November 29, 2022

DecisionRules is constantly improving its collection of advanced functions which can be used for custom computation within decision tables and decision trees. In this article, we shall look at a specific and very useful type of functions treating arrays.

Array is an ordered set of elements – numeric values, strings, or more complex JSON objects. When calling a decision table, we often include arrays in the input data, e.g. to specify a list of available delivery methods, client profiles or items in a shopping cart. We can then refer to the array within the rule conditions or results and base our decision logic on its data. This is where array functions come in handy.

Let us stay with the example of items in a shopping cart, and suppose that we have a simple decision table in which we want to work with the total price of the order. In a simplified case, the input of our decision table may look as follows.

Now, imagine you want to apply a discount based on the total price of the items present in the cart. You can definitely do that, but you first need to sum up the prices. This is where you can take advantage of an array function. In the respective cell within the column for the **cart** input variable, you choose the function cell type and enter the following function.

GT(SUM(ARRAY_PICK({cart}, "price")), 35)

Let us see what it means. The ARRAY_PICK function obtains the array sent over in the **cart** input variable, and returns an array of values under the chosen price key. For example, the input provided above will result in the array [12,28]. This array of prices is then passed to the SUM function which computes the total price of the items in the cart. With the input above, we will get the total price equal to 40. The GT function then simply checks whether the total price is greater than 35. In the case considered, the result will be true, and the evaluation of the respective table row will continue (we can assign the discount, for instance).

It is now clear that array functions are really useful. Yet they can do much more than just summing values nested inside an array of objects. To see the full capability of advanced array functions, let us present the three most powerful ones.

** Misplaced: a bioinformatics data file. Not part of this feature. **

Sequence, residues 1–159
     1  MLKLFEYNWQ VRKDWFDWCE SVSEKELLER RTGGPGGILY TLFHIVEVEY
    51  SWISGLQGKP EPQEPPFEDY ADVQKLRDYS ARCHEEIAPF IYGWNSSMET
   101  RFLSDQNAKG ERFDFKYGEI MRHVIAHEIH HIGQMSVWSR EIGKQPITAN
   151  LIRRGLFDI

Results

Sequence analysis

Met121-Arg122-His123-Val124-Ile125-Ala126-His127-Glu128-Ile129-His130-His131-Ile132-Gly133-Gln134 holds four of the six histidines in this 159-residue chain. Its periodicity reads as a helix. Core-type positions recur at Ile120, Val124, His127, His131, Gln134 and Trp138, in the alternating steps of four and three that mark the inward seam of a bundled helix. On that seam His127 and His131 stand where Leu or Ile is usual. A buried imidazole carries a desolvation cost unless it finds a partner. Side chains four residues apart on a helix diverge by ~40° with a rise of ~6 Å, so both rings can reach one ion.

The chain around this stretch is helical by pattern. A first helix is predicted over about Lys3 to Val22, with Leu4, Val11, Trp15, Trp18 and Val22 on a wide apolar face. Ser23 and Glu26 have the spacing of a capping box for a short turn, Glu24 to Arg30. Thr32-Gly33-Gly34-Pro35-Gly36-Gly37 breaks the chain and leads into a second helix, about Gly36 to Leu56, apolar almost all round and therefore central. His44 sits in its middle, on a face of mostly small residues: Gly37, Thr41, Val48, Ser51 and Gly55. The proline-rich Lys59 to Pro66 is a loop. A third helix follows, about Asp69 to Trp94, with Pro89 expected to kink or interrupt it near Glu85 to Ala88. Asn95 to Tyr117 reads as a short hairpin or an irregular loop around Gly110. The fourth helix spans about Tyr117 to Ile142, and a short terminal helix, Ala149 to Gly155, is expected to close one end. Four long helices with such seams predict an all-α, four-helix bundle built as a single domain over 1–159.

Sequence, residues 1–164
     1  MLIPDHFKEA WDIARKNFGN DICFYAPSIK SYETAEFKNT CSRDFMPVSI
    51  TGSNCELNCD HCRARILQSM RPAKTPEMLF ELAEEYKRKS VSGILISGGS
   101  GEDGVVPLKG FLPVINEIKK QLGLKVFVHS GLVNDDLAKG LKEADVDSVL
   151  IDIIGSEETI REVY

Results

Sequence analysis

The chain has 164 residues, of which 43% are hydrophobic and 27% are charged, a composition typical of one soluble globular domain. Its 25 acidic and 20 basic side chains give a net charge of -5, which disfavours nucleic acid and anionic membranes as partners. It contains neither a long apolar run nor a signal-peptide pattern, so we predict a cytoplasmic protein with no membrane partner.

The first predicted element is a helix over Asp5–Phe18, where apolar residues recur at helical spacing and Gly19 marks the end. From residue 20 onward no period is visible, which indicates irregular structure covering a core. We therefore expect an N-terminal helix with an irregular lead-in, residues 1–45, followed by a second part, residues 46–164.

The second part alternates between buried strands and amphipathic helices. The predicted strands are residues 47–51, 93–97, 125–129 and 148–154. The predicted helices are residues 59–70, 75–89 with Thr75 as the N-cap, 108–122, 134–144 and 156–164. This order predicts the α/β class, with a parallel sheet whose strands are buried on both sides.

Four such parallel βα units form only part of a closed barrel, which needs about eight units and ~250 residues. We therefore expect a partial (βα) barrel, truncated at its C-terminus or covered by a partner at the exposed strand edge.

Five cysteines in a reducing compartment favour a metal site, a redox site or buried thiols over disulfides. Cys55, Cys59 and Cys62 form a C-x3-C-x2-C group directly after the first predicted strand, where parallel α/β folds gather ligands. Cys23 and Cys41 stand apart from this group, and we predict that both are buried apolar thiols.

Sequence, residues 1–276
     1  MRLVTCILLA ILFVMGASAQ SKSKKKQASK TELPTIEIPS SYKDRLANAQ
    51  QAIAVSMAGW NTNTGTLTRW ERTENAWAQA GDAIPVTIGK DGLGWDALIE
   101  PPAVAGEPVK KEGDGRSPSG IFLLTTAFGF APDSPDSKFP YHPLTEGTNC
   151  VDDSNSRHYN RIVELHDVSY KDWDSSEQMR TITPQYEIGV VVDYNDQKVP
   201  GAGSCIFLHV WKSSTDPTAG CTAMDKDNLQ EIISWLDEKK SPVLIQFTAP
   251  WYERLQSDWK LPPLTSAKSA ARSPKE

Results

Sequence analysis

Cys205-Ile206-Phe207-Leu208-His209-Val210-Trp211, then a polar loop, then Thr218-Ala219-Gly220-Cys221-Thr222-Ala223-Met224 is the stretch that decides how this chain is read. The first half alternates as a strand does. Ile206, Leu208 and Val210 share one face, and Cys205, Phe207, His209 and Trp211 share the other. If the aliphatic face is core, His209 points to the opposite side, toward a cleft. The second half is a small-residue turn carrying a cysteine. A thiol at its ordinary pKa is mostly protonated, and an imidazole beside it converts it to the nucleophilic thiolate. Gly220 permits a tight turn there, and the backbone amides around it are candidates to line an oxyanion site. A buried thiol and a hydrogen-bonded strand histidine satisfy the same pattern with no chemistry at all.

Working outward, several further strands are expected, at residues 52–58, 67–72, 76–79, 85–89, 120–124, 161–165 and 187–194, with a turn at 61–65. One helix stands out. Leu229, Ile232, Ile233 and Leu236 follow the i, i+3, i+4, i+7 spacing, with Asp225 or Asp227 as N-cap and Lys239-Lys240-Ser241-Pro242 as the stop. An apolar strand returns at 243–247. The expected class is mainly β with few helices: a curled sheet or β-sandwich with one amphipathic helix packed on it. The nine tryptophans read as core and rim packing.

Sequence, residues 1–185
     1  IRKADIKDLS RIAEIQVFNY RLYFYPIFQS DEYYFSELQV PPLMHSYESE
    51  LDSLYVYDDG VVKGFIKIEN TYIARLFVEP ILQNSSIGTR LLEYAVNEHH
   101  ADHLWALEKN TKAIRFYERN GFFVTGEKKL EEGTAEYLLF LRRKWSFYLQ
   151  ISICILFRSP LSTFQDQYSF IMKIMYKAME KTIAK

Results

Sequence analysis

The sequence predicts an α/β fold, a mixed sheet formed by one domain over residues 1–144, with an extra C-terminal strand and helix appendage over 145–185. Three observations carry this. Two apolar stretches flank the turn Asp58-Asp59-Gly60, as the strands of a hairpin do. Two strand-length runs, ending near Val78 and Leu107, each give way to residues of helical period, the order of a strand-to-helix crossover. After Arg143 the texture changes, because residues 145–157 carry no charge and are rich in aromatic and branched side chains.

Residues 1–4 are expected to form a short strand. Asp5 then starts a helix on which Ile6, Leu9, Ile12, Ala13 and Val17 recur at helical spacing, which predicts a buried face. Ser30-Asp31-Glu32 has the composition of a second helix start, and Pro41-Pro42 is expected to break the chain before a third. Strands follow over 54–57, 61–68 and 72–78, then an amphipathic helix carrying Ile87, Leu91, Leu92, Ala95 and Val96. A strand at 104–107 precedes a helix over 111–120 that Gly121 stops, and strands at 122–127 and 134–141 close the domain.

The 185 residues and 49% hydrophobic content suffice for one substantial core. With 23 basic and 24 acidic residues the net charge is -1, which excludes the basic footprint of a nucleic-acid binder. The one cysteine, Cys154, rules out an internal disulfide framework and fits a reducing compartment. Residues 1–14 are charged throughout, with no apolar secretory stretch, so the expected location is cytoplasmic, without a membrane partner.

A common task is to map one array to another. This is what ARRAY_MAP is for. Let us assume you have a decision table with the following input data.

Now imagine you want to increase each of the numbers in the **inputArray** array by one. You can do that easily with ARRAY_MAP. Just write the following code.

ARRAY_MAP({inputArray},"number",{number}+1)

The ARRAY_MAP function takes three arguments: the array to map, a name of a custom argument and a custom function of this argument. Here, we have named the custom argument "number" and the custom function is just {number}+1 which increases the number by one. The ARRAY_MAP function takes each element of the **inputArray**, puts it to {number} and evaluates the {number}+1 function. The result is then passed to the resulting array. Thus, the result of this example will be the array of values [2,3,4].

What if we do not want to map an array to another array, but to a single value? For most cases, this can be done with ARRAY_REDUCE. Let us keep the input data from the preceding example:

Let us try to compute the product of all the numbers inside the array. With ARRAY_REDUCE, this can be achieved instantly.

ARRAY_REDUCE({inputArray},"a","b",{a}*{b})

Note that ARRAY_REDUCE needs to be given the names of two custom arguments – we have named them "a" and "b" – and a custom function of the two arguments. For us, the custom function is simply the multiplication {a}*{b}. ARRAY_REDUCE goes through the given array and applies the custom function successively. First, it takes {a} = 1 and {b} = 2 and gets {a}*{b} = 2. Then, it takes {a} = 2 from the preceding calculation and {b} = 3, thus getting {a}*{b} = 6. At this point, the computation ends, since our **inputArray** has only three elements. The result is 6, as expected.

The last array function we want to introduce here is ARRAY_FILTER. Not surprisingly, it filters a given array according to a custom filter function. We can once again consider the same input data:

Assume that we want to keep only those values that are greater than 1. This is a perfect task for ARRAY_FILTER. Just write the following.

ARRAY_FILTER({inputArray},"number",GT({number},1))

Here, the ARRAY_FILTER function looks at every element of the **inputArray**, passes it as {number} to the custom function GT({number},1) and checks whether the result is **true**. If it is the case, the element is passed to the resulting array, otherwise not. The resulting array will therefore be [2,3] since the first number did not pass the filter.

Array functions are a powerful tool for working with arrays in decision tables and decision trees. The example with items in a shopping cart demonstrates the basic usage. Besides ARRAY_SUM, there are other similar functions for treating strings or boolean values. Moreover, there are three special array functions offering great freedom thanks to the possibility of passing other functions to them as arguments. These allow us to map arrays to other arrays with a custom mapping, reduce arrays based on a custom reducer or filter arrays according to custom filter. Altogether, the array functions form a versatile system for treating arrays, covering most common use cases.

For more details, see Array Functions in our docs.

Thanks for reading!

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